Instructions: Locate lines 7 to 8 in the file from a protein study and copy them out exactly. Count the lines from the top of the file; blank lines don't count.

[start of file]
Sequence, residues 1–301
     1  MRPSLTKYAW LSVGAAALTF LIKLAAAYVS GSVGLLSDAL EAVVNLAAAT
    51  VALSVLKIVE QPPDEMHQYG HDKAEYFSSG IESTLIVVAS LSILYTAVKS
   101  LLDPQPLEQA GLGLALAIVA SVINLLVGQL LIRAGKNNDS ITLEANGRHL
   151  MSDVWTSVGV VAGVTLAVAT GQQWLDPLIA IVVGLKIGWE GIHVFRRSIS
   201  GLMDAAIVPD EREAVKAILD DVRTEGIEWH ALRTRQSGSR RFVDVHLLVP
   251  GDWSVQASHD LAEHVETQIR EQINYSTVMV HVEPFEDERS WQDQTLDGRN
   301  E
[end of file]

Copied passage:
   251  GDWSVQASHD LAEHVETQIR EQINYSTVMV HVEPFEDERS WQDQTLDGRN
   301  E